By Star-Ledger Guest Columnist
By Bruce Murphy
As the COVID-19 pandemic surges around the country, health experts have pointed to the nation’s colleges and universities as a source of major outbreaks. There’s no doubt that large campuses housing hundreds, or even thousands, of students are contributing to an uptick in cases across many states. But that’s only part of the college pandemic story.
On the campuses of many smaller colleges, students are attending classes in person, with relatively few pandemic-related health issues. While we are all acutely aware that this could change at any time, it’s becoming increasingly clear that smaller colleges hold big benefits for students during the current health crisis. In fact, small campus environments uniquely position colleges and universities to address the pandemic, while ensuring that students remain on campus and on track to graduate as planned.
When students search for a college, it’s no secret that many are drawn to the large college experience — filled lecture halls, packed athletic stadiums and high-density student housing. Unfortunately, these attributes have become an Achilles heel for behemoth universities now seeking to reduce the population density that makes them more vulnerable to coronavirus outbreaks. To be sure, these institutions have done an admirable job at aiming to control the spread, canceling crowds at athletic events, switching to all virtual learning and more.
Yet, it’s obvious that when it comes to the pandemic, smaller colleges have an edge. An unintended educational consequence of the current situation is a leveling of the playing field between large and small colleges. Small campuses translate into lower population density, and with greater student supervision, better compliance with masking and social distancing mandates. In fact, it’s a big reason why many small universities in New Jersey are reporting few, or even no, cases of COVID-19 with the fall semester coming to a close.
A case in point is Centenary University, where I am president. Located in Hackettstown, we’re fortunate to have several factors working in our favor: small size, small classes by design and a rural environment that is not dependent on mass transportation. At our university, and many others, attributes like these have resulted in an extremely agile response to COVID-19 that benefits students. Here at Centenary, we introduced Centenary Choice, which gives students the ability to decide if they want to study in person, online or in a HyFlex format combining the two.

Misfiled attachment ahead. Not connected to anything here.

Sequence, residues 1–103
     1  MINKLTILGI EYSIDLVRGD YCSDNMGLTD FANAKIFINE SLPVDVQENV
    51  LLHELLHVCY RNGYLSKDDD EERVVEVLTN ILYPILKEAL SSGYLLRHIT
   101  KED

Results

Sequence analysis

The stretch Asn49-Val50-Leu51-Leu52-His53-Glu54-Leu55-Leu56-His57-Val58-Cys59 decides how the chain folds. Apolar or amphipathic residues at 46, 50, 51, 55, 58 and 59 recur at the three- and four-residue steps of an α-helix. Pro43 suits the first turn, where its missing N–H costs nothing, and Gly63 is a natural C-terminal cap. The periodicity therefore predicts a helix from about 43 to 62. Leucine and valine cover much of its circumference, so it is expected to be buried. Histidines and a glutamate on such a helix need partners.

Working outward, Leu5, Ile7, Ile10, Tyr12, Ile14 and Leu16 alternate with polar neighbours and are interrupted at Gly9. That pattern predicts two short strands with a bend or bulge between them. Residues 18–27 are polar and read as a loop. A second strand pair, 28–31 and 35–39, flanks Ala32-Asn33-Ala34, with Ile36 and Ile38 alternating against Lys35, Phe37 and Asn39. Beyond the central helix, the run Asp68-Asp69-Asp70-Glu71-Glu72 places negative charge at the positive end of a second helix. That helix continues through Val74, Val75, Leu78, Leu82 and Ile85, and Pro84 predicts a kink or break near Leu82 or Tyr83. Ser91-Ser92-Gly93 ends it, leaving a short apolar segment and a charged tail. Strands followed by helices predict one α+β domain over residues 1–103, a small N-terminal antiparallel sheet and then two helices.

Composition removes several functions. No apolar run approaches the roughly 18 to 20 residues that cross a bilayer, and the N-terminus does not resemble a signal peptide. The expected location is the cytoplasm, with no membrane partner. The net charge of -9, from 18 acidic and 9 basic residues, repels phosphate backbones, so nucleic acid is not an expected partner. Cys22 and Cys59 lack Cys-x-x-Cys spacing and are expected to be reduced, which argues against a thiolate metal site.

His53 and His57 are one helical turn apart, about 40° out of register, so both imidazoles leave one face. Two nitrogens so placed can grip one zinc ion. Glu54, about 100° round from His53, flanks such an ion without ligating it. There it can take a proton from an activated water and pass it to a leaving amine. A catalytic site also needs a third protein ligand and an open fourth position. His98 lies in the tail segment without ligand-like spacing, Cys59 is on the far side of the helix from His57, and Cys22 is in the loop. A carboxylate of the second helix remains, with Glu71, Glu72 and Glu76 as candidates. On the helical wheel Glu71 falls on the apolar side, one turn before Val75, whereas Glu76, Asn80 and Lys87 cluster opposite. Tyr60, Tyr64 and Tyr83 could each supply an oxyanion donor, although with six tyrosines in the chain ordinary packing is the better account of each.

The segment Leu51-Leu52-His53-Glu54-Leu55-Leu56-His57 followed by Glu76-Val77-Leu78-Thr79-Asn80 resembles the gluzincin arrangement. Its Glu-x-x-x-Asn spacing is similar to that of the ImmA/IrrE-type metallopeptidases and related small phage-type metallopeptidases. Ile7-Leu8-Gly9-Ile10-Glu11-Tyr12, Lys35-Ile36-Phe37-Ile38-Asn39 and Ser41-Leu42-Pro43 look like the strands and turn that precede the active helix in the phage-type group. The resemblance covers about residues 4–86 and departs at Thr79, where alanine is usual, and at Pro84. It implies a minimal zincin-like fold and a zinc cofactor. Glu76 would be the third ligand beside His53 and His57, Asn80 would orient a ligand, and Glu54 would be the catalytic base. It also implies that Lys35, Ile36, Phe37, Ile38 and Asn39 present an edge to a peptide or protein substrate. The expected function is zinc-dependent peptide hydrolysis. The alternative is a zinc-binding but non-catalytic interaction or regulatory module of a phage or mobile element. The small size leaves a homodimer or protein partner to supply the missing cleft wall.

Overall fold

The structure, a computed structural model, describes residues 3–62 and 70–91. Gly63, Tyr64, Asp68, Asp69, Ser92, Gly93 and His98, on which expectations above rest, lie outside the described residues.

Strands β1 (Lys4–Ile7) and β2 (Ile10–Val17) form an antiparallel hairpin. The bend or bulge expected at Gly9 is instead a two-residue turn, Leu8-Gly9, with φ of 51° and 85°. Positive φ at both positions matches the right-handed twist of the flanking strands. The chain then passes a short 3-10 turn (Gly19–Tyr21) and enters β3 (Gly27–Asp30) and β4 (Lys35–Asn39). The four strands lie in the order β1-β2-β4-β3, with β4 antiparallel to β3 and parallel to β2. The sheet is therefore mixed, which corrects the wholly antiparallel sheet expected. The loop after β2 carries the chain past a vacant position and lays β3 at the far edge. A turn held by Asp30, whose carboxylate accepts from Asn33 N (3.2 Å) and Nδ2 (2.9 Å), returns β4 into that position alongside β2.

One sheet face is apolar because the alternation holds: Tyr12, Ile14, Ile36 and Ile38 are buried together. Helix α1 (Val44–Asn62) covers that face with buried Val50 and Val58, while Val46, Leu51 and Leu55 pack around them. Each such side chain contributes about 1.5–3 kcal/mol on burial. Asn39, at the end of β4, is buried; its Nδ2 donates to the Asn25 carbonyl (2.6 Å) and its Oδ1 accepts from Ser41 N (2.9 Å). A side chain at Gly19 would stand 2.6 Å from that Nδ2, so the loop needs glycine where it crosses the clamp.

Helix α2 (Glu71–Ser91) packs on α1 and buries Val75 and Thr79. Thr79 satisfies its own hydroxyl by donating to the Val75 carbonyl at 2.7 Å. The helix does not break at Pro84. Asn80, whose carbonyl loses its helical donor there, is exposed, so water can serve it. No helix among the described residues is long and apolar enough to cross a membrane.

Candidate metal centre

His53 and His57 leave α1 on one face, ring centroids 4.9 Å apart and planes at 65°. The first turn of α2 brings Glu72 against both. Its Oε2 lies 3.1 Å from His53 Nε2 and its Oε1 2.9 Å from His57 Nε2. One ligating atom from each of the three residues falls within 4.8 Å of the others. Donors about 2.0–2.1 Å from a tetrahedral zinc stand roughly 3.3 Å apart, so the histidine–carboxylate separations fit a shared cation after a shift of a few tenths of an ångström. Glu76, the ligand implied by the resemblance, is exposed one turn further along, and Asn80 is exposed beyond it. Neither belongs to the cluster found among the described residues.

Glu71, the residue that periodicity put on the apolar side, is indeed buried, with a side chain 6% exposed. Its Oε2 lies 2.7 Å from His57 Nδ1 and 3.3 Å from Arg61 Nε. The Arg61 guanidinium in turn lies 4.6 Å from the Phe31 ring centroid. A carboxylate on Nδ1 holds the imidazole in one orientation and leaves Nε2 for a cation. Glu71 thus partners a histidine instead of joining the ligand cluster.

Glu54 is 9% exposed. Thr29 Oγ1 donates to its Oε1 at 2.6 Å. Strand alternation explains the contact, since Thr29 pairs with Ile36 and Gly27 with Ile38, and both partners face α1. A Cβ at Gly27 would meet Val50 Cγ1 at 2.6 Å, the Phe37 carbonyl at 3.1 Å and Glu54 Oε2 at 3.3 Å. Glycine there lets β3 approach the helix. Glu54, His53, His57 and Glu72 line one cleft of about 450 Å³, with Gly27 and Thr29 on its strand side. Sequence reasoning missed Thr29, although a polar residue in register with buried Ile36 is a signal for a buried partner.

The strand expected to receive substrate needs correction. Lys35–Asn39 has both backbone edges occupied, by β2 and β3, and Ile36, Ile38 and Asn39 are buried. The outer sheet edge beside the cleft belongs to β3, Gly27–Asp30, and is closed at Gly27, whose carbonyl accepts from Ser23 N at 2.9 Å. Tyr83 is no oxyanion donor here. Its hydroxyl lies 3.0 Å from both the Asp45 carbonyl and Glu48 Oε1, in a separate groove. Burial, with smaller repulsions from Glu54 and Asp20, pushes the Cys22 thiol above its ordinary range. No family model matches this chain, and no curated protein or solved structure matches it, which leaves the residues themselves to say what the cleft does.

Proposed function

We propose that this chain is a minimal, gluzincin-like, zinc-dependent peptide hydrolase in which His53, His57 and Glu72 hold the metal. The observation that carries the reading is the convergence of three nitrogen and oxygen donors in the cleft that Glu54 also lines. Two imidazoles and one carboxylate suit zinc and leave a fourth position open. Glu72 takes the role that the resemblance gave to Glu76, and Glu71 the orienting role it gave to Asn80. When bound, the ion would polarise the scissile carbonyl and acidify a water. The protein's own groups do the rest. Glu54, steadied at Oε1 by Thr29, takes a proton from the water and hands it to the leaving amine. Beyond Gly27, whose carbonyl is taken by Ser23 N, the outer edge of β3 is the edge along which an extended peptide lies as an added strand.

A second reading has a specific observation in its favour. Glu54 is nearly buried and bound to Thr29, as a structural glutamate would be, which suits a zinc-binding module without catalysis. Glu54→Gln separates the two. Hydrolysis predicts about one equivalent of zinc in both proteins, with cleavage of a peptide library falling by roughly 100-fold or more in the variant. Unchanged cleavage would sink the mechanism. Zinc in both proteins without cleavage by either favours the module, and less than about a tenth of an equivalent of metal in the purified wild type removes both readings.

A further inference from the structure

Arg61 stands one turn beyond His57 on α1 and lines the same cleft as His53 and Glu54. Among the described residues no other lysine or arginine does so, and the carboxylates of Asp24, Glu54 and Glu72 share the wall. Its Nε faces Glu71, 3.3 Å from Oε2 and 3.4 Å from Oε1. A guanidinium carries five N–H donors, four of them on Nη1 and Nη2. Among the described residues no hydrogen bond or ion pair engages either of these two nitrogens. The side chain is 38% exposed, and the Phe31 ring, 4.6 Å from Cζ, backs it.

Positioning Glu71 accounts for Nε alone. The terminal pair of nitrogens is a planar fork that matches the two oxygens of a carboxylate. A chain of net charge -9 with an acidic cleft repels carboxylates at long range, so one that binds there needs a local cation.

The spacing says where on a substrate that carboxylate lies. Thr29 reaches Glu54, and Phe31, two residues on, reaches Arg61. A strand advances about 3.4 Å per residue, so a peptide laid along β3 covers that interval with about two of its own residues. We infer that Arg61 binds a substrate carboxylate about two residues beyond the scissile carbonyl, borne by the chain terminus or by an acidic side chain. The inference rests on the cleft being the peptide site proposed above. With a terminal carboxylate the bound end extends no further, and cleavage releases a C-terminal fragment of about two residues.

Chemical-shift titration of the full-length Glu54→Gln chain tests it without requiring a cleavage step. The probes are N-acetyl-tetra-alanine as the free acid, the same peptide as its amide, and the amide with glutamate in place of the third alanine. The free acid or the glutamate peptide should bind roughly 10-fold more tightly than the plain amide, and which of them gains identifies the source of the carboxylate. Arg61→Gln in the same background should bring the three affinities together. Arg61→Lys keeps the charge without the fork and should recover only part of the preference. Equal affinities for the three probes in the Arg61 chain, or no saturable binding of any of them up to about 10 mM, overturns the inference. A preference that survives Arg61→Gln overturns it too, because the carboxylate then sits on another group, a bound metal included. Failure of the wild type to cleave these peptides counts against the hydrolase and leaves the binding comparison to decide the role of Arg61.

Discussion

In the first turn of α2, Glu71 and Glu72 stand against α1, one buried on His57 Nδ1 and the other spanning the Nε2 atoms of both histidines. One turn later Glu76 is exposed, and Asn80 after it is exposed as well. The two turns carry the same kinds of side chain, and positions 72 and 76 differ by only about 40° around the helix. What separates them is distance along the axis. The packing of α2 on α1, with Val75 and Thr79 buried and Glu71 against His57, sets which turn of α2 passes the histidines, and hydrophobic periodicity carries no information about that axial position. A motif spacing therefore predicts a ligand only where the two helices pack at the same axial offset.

Offering multiple options for the classroom experience lowers population density on campus and allows students to play to their own comfort zones. The flexibility offered by smaller colleges across the country has translated into a positive effect on admissions. While the National Student Clearinghouse Research Center recently reported a 16.1% decline in freshman enrollment at colleges and universities nationally, many smaller institutions seem to be bucking that trend. In fact, this fall, Centenary experienced a 17.5% increase in freshman enrollment.
Yet, the ability of small colleges to adapt to the pandemic goes way beyond numbers. Here in New Jersey, I’ve spoken with a number of independent college presidents, and they’re all saying the same thing: Current and potential students are finding greater academic value in the small college atmosphere.
At a time when students need more support than ever to continue their studies, small colleges are stepping up with opportunities for in-person instruction, enhanced academic programs, and personalized support systems. Faculty spend more time engaging one-on-one with students to address the unique challenges the pandemic has presented for individual students and their families. In addition, HyFlex courses have created opportunities to invite influential national-level speakers into virtual classrooms — an option that would have been prohibitively expensive for smaller colleges prior to the pandemic.
There’s no doubt that the pandemic has forever changed higher education and the way potential students will evaluate their college choices. As high school seniors go through the application process, they’ll be taking a second look at the universities that have kept students on campus while enriching instruction during the most serious public health crisis in a century. It’s a new era of higher education — and small colleges and universities are ready to lead the way.
Bruce Murphy, Ed.D. is president of Centenary University, a private liberal arts University in Hackettstown.